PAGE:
Australian states going their own way on university admissions

Bumpy road ahead, as education ministers fail to agree terms on tertiary admissions rank

四月 7, 2020
Source: istock

Australia’s states and territories have been unable to coordinate final school exams or tertiary admission methods, in a development that could disrupt next year’s university intake.

A teleconference of education ministers on 7 April could not find common ground on how to award the Australian Tertiary Admission Rank (ATAR), the country’s unique university selection system.

Federal education minister Dan Tehan said it had been agreed that all final year school students would be able to complete their studies in 2020, dispelling fears that the year 12 cohort may have to repeat an entire year. “There will be no year 13,” he insisted.

But the ministers failed to concur on when final exams should take place or how the ATAR should be adjusted to take account of the pandemic. Further negotiations are scheduled for May.

"Ultimately, each state and territory, as is their jurisdictional responsibility, will look at what the assessment process will look like for their individual state and territory," Mr Tehan said. “I’ve been working with the universities to ensure that there will be a degree of flexibility also at their end,” he added.

Victoria’s government is also requesting flexibility from universities, saying that they will be asked to delay the start of the 2021 academic year.

The state’s end of year exams will be delayed from October and November until at least December, while the General Achievement Test – used for statistical moderation of the school leaving certificate – will be moved from June to October or November. Victoria is also considering a compressed end-of-year exam schedule with slightly shortened tests.

Universities Australia said that the sector was working with state governments, schools and the five state-based tertiary admissions centres (TACs) to ensure year 12 school students had clear paths to university in 2021.

“It’s not in anyone’s interest to stop students from moving on,” said chief executive Catriona Jackson. “Australia needs as many as possible to get a university education so they can contribute to economic recovery.”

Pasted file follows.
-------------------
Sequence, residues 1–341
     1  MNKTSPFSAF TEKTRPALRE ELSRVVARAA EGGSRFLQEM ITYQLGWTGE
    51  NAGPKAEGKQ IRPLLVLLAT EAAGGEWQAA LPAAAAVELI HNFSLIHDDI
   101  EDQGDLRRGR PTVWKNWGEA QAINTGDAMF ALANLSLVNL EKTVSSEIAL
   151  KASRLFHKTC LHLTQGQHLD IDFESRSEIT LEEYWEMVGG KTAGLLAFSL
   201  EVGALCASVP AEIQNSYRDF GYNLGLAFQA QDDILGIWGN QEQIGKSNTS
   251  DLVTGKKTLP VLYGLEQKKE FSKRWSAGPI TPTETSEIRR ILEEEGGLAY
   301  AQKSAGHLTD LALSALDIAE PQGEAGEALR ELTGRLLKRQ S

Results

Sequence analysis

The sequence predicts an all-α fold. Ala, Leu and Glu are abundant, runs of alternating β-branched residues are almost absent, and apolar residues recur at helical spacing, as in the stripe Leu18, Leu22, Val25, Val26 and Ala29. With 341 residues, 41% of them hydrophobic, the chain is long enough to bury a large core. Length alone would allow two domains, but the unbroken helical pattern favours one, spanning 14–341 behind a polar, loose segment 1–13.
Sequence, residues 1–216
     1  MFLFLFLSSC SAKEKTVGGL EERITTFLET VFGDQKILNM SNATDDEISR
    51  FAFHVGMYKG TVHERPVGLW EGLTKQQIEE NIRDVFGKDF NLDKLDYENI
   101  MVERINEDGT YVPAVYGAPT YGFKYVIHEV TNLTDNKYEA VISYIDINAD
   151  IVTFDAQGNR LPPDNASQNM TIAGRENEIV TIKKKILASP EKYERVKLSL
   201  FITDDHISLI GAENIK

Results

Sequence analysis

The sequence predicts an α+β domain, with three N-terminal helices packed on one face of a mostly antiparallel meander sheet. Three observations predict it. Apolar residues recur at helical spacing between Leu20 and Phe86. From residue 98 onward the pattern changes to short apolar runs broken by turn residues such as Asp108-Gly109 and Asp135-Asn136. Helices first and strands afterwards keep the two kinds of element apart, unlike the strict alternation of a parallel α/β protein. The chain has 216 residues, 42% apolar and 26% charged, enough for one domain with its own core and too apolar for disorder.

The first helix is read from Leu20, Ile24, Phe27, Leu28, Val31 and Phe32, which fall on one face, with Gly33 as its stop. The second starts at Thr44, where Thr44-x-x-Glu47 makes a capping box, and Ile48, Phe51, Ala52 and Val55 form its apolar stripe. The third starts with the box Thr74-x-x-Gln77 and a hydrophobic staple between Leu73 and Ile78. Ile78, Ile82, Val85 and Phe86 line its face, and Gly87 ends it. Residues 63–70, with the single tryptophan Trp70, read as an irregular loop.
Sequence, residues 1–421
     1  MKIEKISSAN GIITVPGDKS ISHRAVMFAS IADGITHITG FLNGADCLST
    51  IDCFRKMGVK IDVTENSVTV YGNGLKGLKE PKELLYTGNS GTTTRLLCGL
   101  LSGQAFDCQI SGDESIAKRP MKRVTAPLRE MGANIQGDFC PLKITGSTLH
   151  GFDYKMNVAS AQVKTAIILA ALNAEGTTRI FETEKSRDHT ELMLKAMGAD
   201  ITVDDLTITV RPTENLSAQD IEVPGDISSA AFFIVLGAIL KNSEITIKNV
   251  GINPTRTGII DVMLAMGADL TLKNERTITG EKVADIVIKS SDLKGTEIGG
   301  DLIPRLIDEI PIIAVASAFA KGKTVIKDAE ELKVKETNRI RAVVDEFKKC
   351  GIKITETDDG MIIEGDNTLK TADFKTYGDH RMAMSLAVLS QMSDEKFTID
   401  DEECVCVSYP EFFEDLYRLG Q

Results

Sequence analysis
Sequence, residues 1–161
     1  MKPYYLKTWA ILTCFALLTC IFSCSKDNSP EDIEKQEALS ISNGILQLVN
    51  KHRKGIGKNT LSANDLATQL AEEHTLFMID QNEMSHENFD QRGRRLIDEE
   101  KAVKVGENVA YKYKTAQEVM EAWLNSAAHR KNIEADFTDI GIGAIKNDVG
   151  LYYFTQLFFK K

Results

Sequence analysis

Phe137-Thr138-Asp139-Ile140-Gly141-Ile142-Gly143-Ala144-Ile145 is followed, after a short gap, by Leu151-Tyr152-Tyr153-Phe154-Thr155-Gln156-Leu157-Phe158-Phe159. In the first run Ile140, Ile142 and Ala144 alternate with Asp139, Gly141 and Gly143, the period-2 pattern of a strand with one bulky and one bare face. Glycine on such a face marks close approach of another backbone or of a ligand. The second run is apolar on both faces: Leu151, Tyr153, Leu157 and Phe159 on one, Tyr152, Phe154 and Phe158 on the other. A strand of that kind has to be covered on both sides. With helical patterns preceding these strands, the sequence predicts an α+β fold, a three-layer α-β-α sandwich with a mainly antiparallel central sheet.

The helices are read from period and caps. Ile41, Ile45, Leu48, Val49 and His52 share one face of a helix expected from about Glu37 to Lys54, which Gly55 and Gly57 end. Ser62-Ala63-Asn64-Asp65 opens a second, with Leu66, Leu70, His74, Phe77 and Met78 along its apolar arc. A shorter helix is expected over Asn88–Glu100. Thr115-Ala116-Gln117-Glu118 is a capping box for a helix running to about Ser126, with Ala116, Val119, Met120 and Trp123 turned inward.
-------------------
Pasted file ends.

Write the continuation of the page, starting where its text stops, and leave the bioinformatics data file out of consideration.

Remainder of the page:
She stressed that the ATAR was not the only route into higher education, with universities and TACs using other evidence for admissions purposes. It included aptitude tests, portfolios of work, extracurricular activities and assessment of students’ results across the last two years of school.

Ms Jackson acknowledged that the admissions process would be different from previous years, but said that universities remained committed to fairness, consistency and transparency. “We do not underestimate the challenge, but we are well placed to adapt.”

The Australasian Conference of Tertiary Admissions Centres has committed to the ATAR, insisting that this year’s graduating school students will be accommodated by tertiary institutions next year.

“These are extraordinary times,” it said. “State and national education bodies are working on an equitable way forward that maintains the integrity of tertiary admissions.

“The ATAR is a rank, not a score, so any changes to assessment processes in individual states will not affect the validity of the ATAR as a tool for tertiary admissions. [It] provides a reliable comparison of a student’s performance with their age group, regardless of the different examination and assessment processes within each state’s curriculum.”

The Universities Admissions Centre, which processes applications primarily for New South Wales and Canberra tertiary institutions, said that it would calculate ATARs irrespective of the ministers’ plans for the school year.

john.ross@timeshighereducation.com

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